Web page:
What is the Primary Goal of Higher Education?

What is the core purpose of higher education? To educate, perhaps, but education to what end?

Tisch College Dean Alan D. Solomont answered that question today in a new op-ed reflecting on the White House Summit on Civic Learning and National Service which, as I mentioned, my office recently hosted.

As his op-ed describes:

While the [1947 Truman Commission on Higher Education for Democracy] stated that educating for democracy “should come first … among the principal goals for higher education,” today, society asks colleges and universities to prepare individuals for jobs in a cost-effective and accessible way. That is an important mission in a global economy, but there is a striking gap between 1947 rhetoric and today’s more narrow focus on education for individual economic success.

To modern sensibilities perhaps the idea of “education for democracy” sounds quaint, or perhaps simply idealistic. We’re living in a rough-and-tumble global economy. We face a skills gap. A wage gap. We are desperately trying to adjust to rapidly shifting industries and we are painfully aware that at any moment jobs might go overseas.

Education for democracy might be nice, but workforce development means survival.

There is a reasonableness to that argument, yet it feel oddly hollow and uncompelling.

Nearly half of all young people have no college experience, and, unless we want to consider making higher education free and accessible to all, than it is simply unconscionable to maintain a system that serves to improve economic prosperity for select participants.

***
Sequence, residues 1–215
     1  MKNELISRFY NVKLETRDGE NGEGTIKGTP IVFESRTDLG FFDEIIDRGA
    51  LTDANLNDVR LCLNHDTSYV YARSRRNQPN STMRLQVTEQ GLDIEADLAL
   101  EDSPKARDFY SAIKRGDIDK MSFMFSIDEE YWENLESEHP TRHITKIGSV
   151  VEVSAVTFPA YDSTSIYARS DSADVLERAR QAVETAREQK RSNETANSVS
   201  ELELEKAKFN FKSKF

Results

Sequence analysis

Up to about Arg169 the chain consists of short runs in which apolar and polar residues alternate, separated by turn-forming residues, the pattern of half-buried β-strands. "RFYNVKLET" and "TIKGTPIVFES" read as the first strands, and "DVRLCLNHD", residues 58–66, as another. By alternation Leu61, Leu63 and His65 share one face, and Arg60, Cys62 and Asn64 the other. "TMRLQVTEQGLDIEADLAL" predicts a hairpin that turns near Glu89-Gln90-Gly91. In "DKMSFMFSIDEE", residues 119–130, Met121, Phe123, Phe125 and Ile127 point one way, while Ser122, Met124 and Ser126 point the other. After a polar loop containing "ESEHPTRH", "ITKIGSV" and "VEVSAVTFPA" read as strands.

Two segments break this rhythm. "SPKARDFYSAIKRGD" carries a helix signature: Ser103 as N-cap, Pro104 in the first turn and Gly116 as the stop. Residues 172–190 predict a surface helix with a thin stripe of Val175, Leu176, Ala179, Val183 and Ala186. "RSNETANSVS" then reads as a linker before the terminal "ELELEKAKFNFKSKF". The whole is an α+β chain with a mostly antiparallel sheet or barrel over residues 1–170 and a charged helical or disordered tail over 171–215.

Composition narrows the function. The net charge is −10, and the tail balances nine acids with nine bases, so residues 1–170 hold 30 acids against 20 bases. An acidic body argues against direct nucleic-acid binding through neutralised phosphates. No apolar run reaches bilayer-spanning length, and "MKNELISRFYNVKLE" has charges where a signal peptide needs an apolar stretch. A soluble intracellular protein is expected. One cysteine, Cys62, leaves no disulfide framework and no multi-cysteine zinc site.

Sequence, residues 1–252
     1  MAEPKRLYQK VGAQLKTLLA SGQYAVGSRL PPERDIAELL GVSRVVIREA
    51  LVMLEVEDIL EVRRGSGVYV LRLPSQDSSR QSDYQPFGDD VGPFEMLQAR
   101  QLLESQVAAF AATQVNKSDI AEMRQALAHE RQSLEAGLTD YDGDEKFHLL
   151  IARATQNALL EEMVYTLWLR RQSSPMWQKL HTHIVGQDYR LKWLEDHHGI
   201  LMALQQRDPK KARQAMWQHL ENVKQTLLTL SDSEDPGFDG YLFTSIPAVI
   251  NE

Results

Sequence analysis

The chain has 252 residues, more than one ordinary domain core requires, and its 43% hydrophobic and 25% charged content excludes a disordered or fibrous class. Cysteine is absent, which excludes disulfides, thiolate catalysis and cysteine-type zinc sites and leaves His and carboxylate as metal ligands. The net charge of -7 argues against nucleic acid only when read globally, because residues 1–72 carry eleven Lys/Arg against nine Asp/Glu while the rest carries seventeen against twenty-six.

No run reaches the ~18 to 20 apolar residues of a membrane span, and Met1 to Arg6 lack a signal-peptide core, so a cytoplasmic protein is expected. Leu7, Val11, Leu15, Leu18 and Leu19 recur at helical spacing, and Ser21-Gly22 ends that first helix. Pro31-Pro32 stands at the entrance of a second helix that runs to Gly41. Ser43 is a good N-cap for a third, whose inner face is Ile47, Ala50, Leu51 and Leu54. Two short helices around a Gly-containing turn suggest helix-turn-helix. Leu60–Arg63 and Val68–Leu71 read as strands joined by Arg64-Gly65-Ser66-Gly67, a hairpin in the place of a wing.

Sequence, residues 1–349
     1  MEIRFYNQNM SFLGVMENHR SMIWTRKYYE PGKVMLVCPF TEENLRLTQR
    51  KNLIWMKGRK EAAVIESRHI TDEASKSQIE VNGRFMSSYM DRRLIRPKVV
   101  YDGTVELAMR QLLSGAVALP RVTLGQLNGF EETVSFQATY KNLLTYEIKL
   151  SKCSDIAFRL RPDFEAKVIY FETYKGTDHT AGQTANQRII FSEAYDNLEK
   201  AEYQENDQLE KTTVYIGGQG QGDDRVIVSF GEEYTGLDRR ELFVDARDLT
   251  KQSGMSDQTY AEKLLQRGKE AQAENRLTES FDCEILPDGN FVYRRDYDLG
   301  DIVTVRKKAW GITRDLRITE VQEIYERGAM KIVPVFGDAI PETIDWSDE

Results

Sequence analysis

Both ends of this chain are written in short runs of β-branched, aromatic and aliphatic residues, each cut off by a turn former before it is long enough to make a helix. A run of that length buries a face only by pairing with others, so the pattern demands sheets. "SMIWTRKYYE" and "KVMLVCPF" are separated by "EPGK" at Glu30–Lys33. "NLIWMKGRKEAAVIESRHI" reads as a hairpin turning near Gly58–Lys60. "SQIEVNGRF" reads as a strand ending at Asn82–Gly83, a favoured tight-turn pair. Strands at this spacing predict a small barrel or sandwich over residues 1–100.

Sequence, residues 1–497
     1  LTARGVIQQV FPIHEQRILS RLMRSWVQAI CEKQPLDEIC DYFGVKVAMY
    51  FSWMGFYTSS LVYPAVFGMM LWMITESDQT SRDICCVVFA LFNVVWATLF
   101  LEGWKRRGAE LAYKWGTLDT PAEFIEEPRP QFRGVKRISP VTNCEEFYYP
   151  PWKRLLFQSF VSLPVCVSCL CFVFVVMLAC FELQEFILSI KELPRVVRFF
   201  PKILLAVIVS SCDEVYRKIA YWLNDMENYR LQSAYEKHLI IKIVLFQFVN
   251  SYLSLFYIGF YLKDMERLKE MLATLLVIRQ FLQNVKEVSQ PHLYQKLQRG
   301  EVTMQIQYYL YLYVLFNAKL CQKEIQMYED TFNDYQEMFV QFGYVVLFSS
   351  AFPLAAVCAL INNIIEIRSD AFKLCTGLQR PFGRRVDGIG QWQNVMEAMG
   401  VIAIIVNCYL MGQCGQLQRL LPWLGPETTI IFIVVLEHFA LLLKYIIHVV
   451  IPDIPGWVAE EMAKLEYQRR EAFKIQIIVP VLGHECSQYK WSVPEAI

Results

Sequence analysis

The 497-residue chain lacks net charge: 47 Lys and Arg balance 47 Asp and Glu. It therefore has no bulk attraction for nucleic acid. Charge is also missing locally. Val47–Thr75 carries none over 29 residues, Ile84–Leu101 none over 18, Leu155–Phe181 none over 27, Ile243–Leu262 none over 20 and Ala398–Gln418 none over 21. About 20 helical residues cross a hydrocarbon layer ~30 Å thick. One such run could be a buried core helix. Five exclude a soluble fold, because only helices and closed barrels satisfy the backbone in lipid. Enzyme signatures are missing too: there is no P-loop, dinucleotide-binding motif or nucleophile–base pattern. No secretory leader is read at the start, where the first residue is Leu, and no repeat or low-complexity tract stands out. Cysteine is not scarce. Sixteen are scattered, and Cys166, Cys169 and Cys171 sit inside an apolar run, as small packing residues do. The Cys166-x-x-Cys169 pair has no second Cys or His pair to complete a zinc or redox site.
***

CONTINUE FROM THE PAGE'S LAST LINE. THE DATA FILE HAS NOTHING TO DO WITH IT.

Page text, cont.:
Education for democracy – which everyone should have access to from Kindergarten right on up – has a different vision.

This approach imagines a society where everyone has the awareness to see and understand society’s problems, and everyone has the agency to do something about it. A society where people of differing views can hold civil conversations, pushing each other to be better and working to co-create solutions.

Education for democracy isn’t about improving the life of one student, or improving the lives of select students. It is about enriching all our lives, it is about actively, fundamentally, and collectively improving our communities.

The idea is neither quaint, nor idealistic. Indeed – education for democracy is about survival.

If we every hope to be the Just, Free, and Equal society we aspire to be, we must educate our young people not only to espouse these views, but to demonstrate them.

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